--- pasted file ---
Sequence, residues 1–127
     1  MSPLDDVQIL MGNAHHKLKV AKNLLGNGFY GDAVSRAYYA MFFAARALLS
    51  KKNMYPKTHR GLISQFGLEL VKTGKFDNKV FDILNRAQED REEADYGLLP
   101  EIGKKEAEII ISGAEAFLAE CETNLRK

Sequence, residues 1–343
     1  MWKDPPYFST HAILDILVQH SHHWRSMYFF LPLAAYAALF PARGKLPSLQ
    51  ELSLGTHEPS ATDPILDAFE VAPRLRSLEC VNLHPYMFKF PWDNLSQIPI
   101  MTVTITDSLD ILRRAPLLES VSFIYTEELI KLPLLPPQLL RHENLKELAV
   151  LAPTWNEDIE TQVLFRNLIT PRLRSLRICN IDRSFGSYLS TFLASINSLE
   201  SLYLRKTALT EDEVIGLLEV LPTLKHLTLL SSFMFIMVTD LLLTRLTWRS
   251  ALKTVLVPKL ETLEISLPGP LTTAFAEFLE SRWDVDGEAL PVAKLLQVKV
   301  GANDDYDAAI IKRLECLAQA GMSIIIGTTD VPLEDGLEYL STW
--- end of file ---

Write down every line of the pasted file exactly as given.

Sequence, residues 1–127
     1  MSPLDDVQIL MGNAHHKLKV AKNLLGNGFY GDAVSRAYYA MFFAARALLS
    51  KKNMYPKTHR GLISQFGLEL VKTGKFDNKV FDILNRAQED REEADYGLLP
   101  EIGKKEAEII ISGAEAFLAE CETNLRK

Sequence, residues 1–343
     1  MWKDPPYFST HAILDILVQH SHHWRSMYFF LPLAAYAALF PARGKLPSLQ
    51  ELSLGTHEPS ATDPILDAFE VAPRLRSLEC VNLHPYMFKF PWDNLSQIPI
   101  MTVTITDSLD ILRRAPLLES VSFIYTEELI KLPLLPPQLL RHENLKELAV
   151  LAPTWNEDIE TQVLFRNLIT PRLRSLRICN IDRSFGSYLS TFLASINSLE
   201  SLYLRKTALT EDEVIGLLEV LPTLKHLTLL SSFMFIMVTD LLLTRLTWRS
   251  ALKTVLVPKL ETLEISLPGP LTTAFAEFLE SRWDVDGEAL PVAKLLQVKV
   301  GANDDYDAAI IKRLECLAQA GMSIIIGTTD VPLEDGLEYL STW